A Rotary Club initiative brought together 78 college principals in Chennai city and things got easier from there. Our team has visited many high schools and spoken to the students on sexual health and preventing HIV transmission. Once I founded YRG-Care, AIDS management picked up tremendous speed and today after 22 years of exciting experience in tackling AIDS I'm happy there is a 50% drop in the spread of HIV/AIDS as per statistics from NACO . A lot of committed NGOs are on the field and we hope to do more to wipe out this menace from the face of the earth.
Q. Your life must surely have many moments that you cannot forget, can you single out one such moment for our readers?
A. I cannot forget April 14, 1996 - the day a baby was born for the first time in Chennai to a HIV positive mother. The lady had come from Salem ahead of her due delivery date and those were days when obstetricians refused to take in HIV pregnant women for delivery. We managed to persuade one doctor to deliver the baby, but unfortunately when the woman went into labor the doctor was not in town. We took the woman in an ambulance and knocked many doors to no avail and we could almost see the baby's head pushing out. A gutsy team member asked me to step aside (because people started identifying me with AIDS cases), took the ambulance to a maternity clinic, admitted the lady as an emergency case without telling anyone the lady was HIV positive, had the baby delivered by the obstetrician and we quietly had the mother and baby discharged in couple of days. It was such a relief that the baby tested HIV negative.
Q. What would you consider a serious road block in spreading HIV/AIDS awareness in India?
A. People's ignorance and lack of the right sort of education makes it very difficult to get across any important message. Let me tell you about one instance. We had a patient who had contracted HIV from a kidney transplant that he had in the 1990s in Chennai. We wanted to trace the source of the donated kidney and people said, "He got it from Kidneyvakkam. Oh you don't know Kidneyvakkam? It is actually Villivakkam, but most people there have only one kidney because they have sold it for money." We visited the place and true enough people there were very willing to sell a kidney. One old lady approached me and said, "I have already sold one kidney. Please take my other kidney too; my son says he has some debts to re-pay." This means the donor was probably not thoroughly evaluated by the doctor before undertaking the transplant. So the ignorance also extends sometimes within the medical community too.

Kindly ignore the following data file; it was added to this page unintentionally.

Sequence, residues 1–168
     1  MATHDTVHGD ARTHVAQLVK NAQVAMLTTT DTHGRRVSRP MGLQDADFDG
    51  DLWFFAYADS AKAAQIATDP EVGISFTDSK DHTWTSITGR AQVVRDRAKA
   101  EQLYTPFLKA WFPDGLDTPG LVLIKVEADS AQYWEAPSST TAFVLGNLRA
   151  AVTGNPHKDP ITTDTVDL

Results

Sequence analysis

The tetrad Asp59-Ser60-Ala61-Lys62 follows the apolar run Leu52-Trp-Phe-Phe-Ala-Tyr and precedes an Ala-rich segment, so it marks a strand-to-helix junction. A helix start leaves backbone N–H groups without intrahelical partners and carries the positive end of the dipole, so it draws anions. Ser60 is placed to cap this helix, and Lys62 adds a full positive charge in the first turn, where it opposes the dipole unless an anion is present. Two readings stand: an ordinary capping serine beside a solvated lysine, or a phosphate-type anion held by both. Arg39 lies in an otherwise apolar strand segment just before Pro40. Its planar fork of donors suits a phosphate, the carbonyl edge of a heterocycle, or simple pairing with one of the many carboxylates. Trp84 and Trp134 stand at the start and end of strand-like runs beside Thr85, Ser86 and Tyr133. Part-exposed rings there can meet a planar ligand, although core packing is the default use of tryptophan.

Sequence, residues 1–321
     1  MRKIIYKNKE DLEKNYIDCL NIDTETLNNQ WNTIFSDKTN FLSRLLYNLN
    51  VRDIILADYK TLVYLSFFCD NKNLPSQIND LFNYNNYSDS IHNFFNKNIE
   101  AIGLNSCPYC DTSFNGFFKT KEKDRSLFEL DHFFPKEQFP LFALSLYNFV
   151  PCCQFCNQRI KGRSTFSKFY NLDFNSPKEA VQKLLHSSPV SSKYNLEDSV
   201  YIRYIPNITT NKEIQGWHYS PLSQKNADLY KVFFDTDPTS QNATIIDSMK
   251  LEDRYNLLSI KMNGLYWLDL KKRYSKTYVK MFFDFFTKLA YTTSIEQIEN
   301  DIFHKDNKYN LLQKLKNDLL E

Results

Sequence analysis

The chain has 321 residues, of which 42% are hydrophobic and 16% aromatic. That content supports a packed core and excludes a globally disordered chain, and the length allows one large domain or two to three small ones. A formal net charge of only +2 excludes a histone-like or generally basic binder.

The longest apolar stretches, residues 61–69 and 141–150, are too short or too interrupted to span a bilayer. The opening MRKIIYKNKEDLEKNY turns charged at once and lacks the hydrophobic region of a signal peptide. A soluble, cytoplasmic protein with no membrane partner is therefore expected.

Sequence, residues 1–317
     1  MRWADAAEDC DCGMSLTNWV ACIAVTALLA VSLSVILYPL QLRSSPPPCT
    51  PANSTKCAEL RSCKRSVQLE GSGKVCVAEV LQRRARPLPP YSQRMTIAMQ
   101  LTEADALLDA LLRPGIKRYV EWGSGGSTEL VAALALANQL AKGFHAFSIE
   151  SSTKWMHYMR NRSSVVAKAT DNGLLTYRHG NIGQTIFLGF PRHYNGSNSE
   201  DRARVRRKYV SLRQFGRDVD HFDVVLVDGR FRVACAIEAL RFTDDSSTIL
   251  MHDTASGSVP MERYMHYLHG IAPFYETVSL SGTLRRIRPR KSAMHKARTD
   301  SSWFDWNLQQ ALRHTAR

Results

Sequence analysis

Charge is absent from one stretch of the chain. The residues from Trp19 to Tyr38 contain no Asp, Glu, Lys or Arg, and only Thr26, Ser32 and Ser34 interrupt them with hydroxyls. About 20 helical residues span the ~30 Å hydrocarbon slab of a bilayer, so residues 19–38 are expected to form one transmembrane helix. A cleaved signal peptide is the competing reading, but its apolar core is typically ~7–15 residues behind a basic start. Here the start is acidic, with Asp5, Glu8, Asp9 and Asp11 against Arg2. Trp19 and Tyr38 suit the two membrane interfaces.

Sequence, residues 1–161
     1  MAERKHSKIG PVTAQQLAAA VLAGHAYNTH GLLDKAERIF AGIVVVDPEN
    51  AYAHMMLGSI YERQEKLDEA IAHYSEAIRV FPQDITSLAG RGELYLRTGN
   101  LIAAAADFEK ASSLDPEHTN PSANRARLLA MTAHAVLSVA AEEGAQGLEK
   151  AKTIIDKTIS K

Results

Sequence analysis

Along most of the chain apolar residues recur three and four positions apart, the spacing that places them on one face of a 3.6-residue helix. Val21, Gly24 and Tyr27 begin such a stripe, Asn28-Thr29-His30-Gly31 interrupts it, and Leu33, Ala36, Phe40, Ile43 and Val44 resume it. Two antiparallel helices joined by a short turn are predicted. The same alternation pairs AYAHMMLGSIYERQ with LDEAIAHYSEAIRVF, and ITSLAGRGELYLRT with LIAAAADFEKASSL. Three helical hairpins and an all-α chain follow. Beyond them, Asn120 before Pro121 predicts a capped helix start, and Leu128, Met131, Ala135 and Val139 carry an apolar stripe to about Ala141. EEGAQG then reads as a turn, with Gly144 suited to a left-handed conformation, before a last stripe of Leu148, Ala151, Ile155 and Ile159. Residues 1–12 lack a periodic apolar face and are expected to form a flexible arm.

Another challenge to overcome or diffuse is the social stigma attached to AIDS. There was a flight lieutenant in his 50's who approached our Centre to be tested for HIV. He was so nervous when he came to get his result and when I told him his test showed he did not have HIV, he broke down and cried like a baby. He said, "I've applied for a job in the Gulf and HIV test is mandatory there. I thought I'd get the result, whatever it is, from here first. If I die on a plane or in a war they will say I died a heroic death. If die of AIDS, it is such a shame. I am so relieved now." If this is the reaction in elite circles, the poorer classes are worse off. Children born to parents with AIDS are still denied admission in some schools. AIDS is a great social leveler -it was initially thought only truck drivers and sex workers would test HIV positive, but doctors, engineers, lawyers, teachers—list of such people with AIDS is long and cuts across all strata of society.
Q. YRG CARE is internationally known for research, medical support and community education in the field of HIV/AIDS. As its founder and head what are your future plans?
A. YRG CARE Medical Centre operating from Voluntary Health Services (VHS) has provided medical and psychosocial care to more than 15,000 people living with HIV till date. We have many clinicians, counselors, clinical nurses, nutritionists, case management staff and patient facilitators. Currently we offer our services to about 80 to 100 patients daily. The Centre provides outpatient services six days a week with clinicians on call round the clock. YRGCARE currently has satellite clinics in Nellore, Vishakapatnam (Andhrapradesh), Bengaluru (Karnataka) and Namakal (Tamilnadu). We have a host of other activities and community projects which you can see on our website.
Personally, I'm beginning to concentrate on other communicable diseases like dengue and exploring ways to detect and manage these diseases better. Also, when I started community education for HIV/AIDS I realized there were more problems that poor people were grappling with - alcoholism, domestic violence and a host of others, all affecting womenfolk. Last year I launched an ECO Kitchen, a not-for-profit project to supply quality food packets to underprivileged women in the community at subsidized rates. They in turn sell them at mark up prices and earn their living each day. We are planning to come up with more of these initiatives to empower women in the lower rungs of society.
On the occasion of World AIDS Day, Medindia wishes Dr. Suniti Solomon all success in her future ventures to empower underprivileged people and to spread greater awareness to check the spread of HIV/AIDS.